It’s all right; you can speak to us. Some people seem afraid to ask us questions, as if they will somehow remind us that we are blind or offend us in some way. I promise, it is always better to ask me questions related to me than assume. Please do not ask my friends if you are curious about me. This happens less frequently, but when it does, it’s usually in restaurants. For example, the host sees the white cane and asks my friends what he should do with my menu instead of me. Sometimes the wait staff will ask my friends what I will have to eat, as if I am unable to speak for myself. Or on occasion, someone will approach the group and ask them if I need help. Most often when I pay the bill my change is handed to my friend, even though I provided the payment. 

These situations are some of the most frustrating for individuals who are blind. The only way to describe the feeling is that it is like being a child or an outsider who doesn’t belong in the adult social setting. Please know that if you ask us as opposed to defaulting to those around us, you are not embarrassing us. In fact, you’re helping to make us feel like everyone else.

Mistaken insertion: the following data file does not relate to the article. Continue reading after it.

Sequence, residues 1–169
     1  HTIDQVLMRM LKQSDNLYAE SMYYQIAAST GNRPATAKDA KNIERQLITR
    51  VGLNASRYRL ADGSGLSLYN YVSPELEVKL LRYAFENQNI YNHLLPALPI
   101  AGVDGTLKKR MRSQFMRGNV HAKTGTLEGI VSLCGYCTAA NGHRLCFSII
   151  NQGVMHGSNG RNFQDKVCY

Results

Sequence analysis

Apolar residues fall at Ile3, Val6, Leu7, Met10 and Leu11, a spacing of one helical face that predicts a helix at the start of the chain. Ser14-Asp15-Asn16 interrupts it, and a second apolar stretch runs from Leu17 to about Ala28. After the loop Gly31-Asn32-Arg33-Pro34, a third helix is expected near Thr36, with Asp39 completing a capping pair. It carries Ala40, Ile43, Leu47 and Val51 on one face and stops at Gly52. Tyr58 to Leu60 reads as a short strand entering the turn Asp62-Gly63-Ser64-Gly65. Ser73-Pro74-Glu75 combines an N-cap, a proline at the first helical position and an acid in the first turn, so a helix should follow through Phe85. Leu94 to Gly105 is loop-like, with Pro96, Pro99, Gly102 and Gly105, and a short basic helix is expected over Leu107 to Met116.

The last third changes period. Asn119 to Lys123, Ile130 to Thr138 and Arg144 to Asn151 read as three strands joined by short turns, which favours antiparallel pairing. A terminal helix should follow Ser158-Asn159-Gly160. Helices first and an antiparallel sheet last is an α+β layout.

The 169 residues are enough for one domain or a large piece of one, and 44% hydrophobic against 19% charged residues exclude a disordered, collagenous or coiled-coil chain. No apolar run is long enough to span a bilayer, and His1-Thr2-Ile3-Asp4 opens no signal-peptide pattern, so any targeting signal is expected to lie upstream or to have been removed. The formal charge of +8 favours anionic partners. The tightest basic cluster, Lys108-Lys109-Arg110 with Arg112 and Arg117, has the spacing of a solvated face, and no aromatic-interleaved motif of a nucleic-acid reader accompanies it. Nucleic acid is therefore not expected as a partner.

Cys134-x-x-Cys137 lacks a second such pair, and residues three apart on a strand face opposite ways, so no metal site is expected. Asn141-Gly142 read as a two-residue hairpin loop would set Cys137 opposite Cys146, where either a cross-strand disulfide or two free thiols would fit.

Beyond these tips, the best way to interact with a person who is blind is to recognize we are all human. The cane is a sign that we need more space when walking; we might walk into you if you don’t move, and we may not react quickly in certain circumstances. See it as a symbol of how we navigate the world differently, but then let go of the cane and see us as unique individuals. And if you are ever unsure, you can always ask.

Being someone who used to have full vision, I miss that nod, smile, distance wave…. the little gestures of acknowledgment. When someone says “Hello, good morning” “I am passing you on your left” or “There are stairs going down ahead of you” I take the words as a friendly hello or that smile I miss out on. By just saying hello you have opened yourself up to me asking you for help if I need it because I know you are there. I have a disability and I am used to asking for help when I need it. Being quiet around people who do not see is NOT helpful. Just say “hi”.